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R and I of DC circuit

  1. Apr 29, 2014 #1
    1. The problem statement, all variables and given/known data
    http://postimg.org/image/8oweasluj/
    Each rectangle in the figures represents a resistor with resistance=2.9kΩ.

    a) What is the net resistance of the circuit of Fig 1 connected to the battery? Each resistance has R=2.9 kΩ.

    b) What is the current flowing into the junction c and the branch of ca from the battery?

    c) If we replace the branch of bc with a 12V battery as Fig 2 shows and Vb>Vc, what is the current flowing into the branch of CA?

    3. The attempt at a solution

    a) Is the circuit in Fig 1 equal to that of Fig 3 as below?
    http://postimg.org/image/t5cwrllzt/

    Thank you.
     

    Attached Files:

  2. jcsd
  3. Apr 29, 2014 #2
    Yes, you can take it and solve it
     
  4. Apr 29, 2014 #3
    Thank you so much!! :D
    I know part a then, just apply the parallel and series equations.

    But for part b, does it mean that first I have to calculate the total current =It,
    then apply Ic=It*(Rt-Rc/Rt), where Rt represents the total resistance?
     
  5. Apr 29, 2014 #4
    No, just apply ohm's law
     
  6. Apr 29, 2014 #5
    V=ir. R means effective resistance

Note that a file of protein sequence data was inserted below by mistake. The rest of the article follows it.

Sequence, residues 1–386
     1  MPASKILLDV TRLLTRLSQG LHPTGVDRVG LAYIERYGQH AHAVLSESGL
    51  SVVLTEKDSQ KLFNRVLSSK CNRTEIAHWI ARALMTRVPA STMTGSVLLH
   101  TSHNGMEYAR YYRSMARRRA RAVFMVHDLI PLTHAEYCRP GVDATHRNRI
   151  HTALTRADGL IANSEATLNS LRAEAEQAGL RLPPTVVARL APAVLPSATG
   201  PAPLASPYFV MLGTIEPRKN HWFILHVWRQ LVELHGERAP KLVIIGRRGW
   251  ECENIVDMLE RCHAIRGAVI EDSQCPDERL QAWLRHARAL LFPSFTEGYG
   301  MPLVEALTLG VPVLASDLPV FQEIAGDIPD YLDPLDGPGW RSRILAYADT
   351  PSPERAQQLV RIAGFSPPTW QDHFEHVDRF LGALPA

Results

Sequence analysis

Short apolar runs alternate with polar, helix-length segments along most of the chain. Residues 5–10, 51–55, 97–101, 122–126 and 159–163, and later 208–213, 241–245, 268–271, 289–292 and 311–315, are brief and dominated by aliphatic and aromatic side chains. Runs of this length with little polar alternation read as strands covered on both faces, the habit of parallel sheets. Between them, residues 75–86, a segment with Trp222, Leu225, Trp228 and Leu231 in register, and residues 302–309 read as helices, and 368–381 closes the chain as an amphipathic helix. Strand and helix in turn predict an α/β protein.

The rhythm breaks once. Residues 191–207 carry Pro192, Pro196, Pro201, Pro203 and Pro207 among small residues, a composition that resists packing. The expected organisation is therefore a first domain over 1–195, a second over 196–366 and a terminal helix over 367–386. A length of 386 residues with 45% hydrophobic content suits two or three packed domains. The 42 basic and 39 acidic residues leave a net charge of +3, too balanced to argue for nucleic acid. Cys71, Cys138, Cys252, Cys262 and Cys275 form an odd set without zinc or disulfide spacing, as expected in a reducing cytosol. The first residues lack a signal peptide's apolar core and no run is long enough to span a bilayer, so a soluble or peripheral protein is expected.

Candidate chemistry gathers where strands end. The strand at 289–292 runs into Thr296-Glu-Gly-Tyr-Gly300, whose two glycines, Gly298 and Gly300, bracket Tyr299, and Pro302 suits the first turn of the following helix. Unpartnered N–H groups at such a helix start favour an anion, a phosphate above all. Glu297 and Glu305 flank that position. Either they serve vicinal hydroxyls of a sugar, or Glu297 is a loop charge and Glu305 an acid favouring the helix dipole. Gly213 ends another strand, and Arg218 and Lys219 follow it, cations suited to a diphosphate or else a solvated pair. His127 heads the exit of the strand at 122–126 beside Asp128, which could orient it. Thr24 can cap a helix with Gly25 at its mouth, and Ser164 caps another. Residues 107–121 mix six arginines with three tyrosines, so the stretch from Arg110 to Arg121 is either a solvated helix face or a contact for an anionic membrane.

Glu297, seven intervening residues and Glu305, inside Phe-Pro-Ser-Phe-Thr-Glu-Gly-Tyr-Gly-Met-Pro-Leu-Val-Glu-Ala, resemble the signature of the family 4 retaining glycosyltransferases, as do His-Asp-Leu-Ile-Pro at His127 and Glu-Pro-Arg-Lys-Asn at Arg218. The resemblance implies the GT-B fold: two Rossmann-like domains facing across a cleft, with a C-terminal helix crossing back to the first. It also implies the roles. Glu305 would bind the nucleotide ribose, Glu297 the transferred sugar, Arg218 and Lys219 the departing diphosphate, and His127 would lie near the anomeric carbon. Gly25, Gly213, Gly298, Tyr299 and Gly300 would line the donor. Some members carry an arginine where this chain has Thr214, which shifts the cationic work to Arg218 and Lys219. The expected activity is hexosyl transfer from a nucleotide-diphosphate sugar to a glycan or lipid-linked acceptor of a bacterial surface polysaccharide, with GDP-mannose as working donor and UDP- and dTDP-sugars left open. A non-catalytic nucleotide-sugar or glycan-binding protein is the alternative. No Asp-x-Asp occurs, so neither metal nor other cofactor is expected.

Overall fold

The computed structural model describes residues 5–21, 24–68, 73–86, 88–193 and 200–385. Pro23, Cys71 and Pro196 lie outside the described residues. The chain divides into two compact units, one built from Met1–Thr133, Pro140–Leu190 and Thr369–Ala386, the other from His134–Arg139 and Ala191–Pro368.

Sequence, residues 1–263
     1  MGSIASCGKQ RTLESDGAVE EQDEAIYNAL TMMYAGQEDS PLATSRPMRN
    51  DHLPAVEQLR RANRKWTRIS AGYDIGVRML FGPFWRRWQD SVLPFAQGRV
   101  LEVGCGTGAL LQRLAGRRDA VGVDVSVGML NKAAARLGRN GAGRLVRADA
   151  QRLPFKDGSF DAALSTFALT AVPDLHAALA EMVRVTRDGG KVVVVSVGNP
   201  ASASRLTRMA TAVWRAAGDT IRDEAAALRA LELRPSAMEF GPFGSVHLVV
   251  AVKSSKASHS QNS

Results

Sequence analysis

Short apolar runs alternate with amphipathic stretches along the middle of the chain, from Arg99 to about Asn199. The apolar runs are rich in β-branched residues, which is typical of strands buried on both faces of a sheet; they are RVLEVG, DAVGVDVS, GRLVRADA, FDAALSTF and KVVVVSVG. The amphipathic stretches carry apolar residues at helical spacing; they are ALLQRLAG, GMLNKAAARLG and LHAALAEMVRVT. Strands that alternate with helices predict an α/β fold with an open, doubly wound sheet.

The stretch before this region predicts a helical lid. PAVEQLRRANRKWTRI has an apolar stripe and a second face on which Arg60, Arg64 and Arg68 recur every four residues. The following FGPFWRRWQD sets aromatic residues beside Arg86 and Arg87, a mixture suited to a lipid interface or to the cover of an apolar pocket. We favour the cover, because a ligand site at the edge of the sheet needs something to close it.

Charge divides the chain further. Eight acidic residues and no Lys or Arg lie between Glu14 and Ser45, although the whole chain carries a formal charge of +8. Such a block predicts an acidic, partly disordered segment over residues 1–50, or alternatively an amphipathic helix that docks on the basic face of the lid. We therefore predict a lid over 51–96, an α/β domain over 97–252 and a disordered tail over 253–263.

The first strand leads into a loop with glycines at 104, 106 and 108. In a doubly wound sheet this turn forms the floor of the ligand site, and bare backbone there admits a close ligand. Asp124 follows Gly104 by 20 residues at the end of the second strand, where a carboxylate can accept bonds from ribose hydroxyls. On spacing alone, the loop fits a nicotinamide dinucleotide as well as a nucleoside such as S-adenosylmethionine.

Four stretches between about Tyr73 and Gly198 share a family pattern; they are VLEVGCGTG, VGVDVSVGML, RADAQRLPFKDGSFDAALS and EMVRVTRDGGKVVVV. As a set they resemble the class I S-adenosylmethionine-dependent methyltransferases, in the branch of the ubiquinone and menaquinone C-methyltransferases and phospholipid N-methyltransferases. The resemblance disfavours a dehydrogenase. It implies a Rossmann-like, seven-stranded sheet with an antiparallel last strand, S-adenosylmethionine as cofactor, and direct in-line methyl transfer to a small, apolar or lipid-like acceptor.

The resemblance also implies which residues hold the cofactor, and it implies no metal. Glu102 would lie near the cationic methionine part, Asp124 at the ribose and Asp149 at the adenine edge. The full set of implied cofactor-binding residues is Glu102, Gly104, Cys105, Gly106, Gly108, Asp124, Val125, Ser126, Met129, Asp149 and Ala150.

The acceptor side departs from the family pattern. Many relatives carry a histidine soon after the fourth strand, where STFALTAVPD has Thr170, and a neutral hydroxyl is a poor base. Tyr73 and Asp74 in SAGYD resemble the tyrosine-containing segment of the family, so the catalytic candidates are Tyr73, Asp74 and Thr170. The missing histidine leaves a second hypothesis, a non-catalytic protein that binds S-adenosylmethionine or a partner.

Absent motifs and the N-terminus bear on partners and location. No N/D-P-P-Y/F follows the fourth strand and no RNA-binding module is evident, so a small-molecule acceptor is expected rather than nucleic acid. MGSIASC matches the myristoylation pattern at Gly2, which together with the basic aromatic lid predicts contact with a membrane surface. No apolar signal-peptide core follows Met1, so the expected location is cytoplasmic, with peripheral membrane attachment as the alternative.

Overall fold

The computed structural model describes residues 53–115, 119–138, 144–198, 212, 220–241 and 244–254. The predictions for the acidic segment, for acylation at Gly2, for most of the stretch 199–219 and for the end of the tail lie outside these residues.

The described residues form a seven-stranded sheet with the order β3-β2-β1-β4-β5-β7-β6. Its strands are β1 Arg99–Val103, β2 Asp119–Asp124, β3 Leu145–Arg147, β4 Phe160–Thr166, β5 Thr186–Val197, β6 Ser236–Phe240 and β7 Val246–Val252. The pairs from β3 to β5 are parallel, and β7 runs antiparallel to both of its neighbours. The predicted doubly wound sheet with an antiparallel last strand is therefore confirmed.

"i"means total current through the cell.
    And then divide current into the branches of circuit in corresponding ratios.
     
  7. Apr 29, 2014 #6
    I see! I understand now :D Thank you so much!!
    How about part c then?
    Should I use Kirchhoff's Rule? But can Kirchhoff's Rule be applied if there's more than two loops?
     
  8. Apr 29, 2014 #7
    And in part b, the current flowing into junction c and branch ca would be the same then?
    (Since the ratio of resistance are the same?)
     
  9. Apr 29, 2014 #8
    For part b, can I rather use V=IR to find out the current through branches directly after finding out the total current?
     
  10. Apr 29, 2014 #9
    Kirchoff law can be applied separately to any number of loops and solve then separately to find currents
     
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